The vision of CerTest is realised through four flexible and highly interlinked and interdependent Research Challenges (RC1‐RC4), utilising a multiscale approach drawing on the expertise highlighted by the Themes (T1‐T3).

Fig. 1 Interconnection of Research Challenges (RCs) and Themes (Ts) leading to impact.

RC4 aims to create a step change in integration of data‐rich experimental procedures and predictive statistical and multi‐scale computational models by developing data processing and a closed input/feedback loop based on novel Bayesian Learning and Design of Experiments (DoE) techniques. RC4 is strongly inter‐linked with RC1RC3. RC4 will inform data collection strategies in the other RCs, and receive from them: data to inform multi‐scale statistical models (RC1), parametric descriptions and distribution functions of critical features and defects (RC2), and experimental design and performance data (RC3) in a closed input/feedback loop.

Background and Motivation

RC4 provides the principal route of delivery for the overall vision of the PG. To achieve this, fundamental scientific breakthroughs are required that will be delivered in each of RC1, RC2 and RC3. However, the overarching vision of the PG and truly transformative scientific research on integration of multi‐scale models with test data can only be achieved via addressing the key methodological challenges in RC4. Thus RC4, integrated and inter‐related with RC1‐RC3, is the prerequisite for the development and validation of the envisioned science‐based composite aero‐structure design and verification capability. This in turn provides the foundation for a new science‐based approach at TRL1‐3 to ‘certification for design’ achieved through reshaping and reduction of the conventional ‘testing pyramid’, and hence provides the basis for impact and industrial uptake at TRL4‐6 (see ‘Pathways to Impact’).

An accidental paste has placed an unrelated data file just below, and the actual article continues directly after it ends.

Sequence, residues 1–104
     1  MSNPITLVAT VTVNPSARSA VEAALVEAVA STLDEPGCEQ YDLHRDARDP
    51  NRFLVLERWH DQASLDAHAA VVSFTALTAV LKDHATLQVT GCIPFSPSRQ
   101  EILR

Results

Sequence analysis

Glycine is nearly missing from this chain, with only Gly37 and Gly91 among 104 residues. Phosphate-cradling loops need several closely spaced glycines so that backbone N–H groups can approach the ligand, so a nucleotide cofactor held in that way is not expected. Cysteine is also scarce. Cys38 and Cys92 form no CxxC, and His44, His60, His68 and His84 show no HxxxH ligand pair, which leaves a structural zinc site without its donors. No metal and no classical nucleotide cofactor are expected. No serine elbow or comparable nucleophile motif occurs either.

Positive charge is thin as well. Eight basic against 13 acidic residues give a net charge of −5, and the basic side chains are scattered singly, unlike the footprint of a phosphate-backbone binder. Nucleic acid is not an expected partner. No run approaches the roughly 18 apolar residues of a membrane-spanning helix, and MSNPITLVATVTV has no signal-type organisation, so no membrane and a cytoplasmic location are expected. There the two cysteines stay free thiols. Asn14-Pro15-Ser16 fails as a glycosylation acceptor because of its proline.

The testing pyramid is currently used to prove airworthiness to define the performance structural integrity of composite aero‐structures using a building block approach. The premise is that conservative allowable strength limits of statistically independent and mostly small parts or elements of a composite aero‐structure (mainly coupons) is combined with knock‐down factors to define performance at the higher component/sub‐structure levels. Such a strategy is globally sub‐optimal and leads to inadequate uncertain‐ty quantification, and overly conservative design decisions regarding performance probability of failure. Design freedom is restricted as the procedure does not account for elements that may improve performance but cannot be assessed at coupon level, and the effect of manufacturing features cannot be adequately represented. The outcome is an inefficient structure carrying significant weight penalty with a corresponding increase to materials usage, increased fuel consumption and reduced payload capacity.

RC4 facilitates the new approach to certification by defining the necessary methods and tools for a holistic approach to the fusion of physical and computational data from the view point of decision‐theoretic statistical Design of Experiments (DoE)63. To achieve this, following the principles outlined in WP4.1 below, experimental and computational resource will be allocated to maximally increase information content as predicted by the current state of knowledge derived from the multi‐scale modelling across different physical scales (e.g. meso‐scale features through to macro‐scale composite structures), different data types (e.g. full field imaging data, ultrasound, X‐ray, etc.), and different modelling resolutions. Experimental data provided by RC2 and RC3 will be used in a Bayesian way to calibrate and validate the models in RC1 and used to inform DoE. Hence, modelling will inform and refine data collection in the PG.